There has never been a better time to talk about mental health. Until pretty recently, if you’d said you had episodes of depression, mood swings, or your anxiety was triggered by certain subjects or images, you’d have been given the side-eye.
Now, these declarations are commonplace – even recommended and welcomed for their honesty in some companies. You only have to look to a decade ago, perhaps even five years ago, to see a less forgiving and understanding workplace when it comes to the discussion around mental health.
I find it difficult to pinpoint when the great watershed moments occurred that have allowed this openness to flourish, but regardless its welcomed.
Let’s be honest, what we’re all living through isn’t great for a lot of people’s mental health, but there are resources and techniques we can employ and habits we can form that can mitigate the impact of our current situation.
I think it’s worth splitting the ways to address mental health into soft solutions and hard solutions. Soft solutions are for feeling down, feeling a bit anxious, feeling lost. Hard solutions are for serious concerns about your ability to deal with everyday life, depression and worse.
The two are different. It’s not helpful to confuse the two, but it often happens.
Professional medical help
In the mid-2000s, when I was in my mid-twenties, I had counselling and psychotherapy for anxiety and what was probably depression. I was scared by how it felt. I felt ashamed to admit that it was happening, at the time. But not anymore. I got help and it worked.
You might wonder what such a ‘confession’ is doing on the pages of LinkedIn and not another platform like Medium, or an annoying Twitter thread, but it seems relevant, and also people should know that I’m coming from a place of some experience rather than just positing ideas of what could work from an ivory tower of mental imperviousness.
Get help from medically qualified professionals, not wellbeing experts (although they are also important, and more on them later).
See a doctor and get a prescription. Pills don’t solve everything, but by God can they help.
More people take antidepressants than you think, and regulated carefully they can save and improve lives.
Yes there are books saying you don’t need them, and for some that might be true, but this is often harmful and dangerous advice.
Many people rail against the commodification of wellness, and rightly so. Feeling good should not be a privilege we have to pay to access. There are things we can all do, daily, for free, to maintain calm and perspective.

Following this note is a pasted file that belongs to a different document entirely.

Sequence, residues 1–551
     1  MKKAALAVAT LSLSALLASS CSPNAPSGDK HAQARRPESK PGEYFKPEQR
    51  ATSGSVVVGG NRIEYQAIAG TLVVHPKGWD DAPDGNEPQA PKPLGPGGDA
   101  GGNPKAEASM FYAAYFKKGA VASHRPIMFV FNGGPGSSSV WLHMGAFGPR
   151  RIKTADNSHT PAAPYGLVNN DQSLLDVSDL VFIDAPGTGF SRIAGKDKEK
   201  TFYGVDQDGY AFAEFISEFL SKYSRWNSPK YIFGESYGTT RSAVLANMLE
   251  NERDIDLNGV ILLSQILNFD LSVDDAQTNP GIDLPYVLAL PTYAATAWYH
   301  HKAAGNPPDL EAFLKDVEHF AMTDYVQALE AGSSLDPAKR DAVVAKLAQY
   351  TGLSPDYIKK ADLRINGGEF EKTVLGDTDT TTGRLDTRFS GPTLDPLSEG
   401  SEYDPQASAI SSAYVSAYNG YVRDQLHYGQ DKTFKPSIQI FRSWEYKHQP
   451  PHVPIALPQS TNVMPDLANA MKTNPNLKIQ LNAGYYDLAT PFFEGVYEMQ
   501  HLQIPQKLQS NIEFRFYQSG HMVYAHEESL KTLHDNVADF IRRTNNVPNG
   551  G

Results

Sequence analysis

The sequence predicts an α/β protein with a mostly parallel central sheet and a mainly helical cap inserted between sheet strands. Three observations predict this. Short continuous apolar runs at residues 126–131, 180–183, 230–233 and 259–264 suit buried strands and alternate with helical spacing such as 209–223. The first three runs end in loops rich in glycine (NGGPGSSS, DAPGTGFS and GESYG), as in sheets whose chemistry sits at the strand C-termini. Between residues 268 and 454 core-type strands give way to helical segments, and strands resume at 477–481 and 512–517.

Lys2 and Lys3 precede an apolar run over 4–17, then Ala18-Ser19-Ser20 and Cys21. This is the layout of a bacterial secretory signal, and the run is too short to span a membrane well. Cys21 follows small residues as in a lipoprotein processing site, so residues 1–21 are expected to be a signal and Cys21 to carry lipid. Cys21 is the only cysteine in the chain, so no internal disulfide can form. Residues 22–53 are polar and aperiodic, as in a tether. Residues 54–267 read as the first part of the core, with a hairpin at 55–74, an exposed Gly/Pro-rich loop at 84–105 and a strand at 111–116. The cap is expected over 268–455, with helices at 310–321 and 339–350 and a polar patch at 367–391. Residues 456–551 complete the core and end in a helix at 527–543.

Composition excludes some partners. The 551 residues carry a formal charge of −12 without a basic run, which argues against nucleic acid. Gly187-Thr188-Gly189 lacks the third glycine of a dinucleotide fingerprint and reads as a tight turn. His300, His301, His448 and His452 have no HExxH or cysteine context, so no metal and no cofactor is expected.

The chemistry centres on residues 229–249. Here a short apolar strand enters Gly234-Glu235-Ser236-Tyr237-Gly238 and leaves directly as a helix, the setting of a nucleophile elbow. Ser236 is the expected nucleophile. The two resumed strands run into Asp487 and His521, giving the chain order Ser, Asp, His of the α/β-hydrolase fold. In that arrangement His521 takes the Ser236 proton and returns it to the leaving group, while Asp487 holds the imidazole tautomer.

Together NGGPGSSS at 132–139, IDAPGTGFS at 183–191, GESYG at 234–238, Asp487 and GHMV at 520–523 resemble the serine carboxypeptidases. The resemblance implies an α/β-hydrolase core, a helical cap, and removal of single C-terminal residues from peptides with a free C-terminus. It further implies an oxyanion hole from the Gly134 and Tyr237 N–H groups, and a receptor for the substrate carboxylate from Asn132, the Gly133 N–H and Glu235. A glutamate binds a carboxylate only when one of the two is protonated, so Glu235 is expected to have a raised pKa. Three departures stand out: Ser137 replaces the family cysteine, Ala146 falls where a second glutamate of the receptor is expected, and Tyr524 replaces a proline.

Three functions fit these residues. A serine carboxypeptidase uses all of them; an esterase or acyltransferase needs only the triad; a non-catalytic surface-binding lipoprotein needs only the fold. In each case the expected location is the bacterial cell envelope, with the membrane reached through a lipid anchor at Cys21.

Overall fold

Whether you call it mindfulness, meditation or just being calm, a few moments out of your day can be invaluable. Deep breaths, clearing the mind. Too busy? Nonsense. You’ve got two minutes. Take them.
Seems obvious but yet still underdone. If you don’t have a partner or a trusted friend to listen to you, I never thought I’d say this, but chatbots can really help here (see beneath)
Liggy Webb. A wellbeing advocate, she has a tonne of info on her website around burnout, resilience and more. Here’s an example.
Matt Haig. Author and advocate of open discussion around mental health. My favourite quote of his: “you’ve survived 100% of your worst days”. Start with his book ‘Notes on a Nervous Planet’ and go from there. More here.
Rory Kinsella. VedicMeditation teacher and, full disclosure, one of my oldest friends. Check him out.
Woebot. A chatbot app. I know. Weird. Give it a go.
Talk to friends and family. Be honest about your feelings. Stay safe. Celebrate the good things however small. Eat and sleep well.
Author – Jon Kennard:
Jon is a digital editor specialising in publishing written, audio and video content.
The best part of two decades’ experience in media, content and marketing. (Deep breath) From freelance copywriting for the web to digital content creation and online community management to product marketing for blue chip finance, Jon has built up a wealth of knowledge in businesses of all sizes and industries, digital and analogue. Areas of expertise include:Digital publishing, Social media, Podcasting, Video editing, Content curation and
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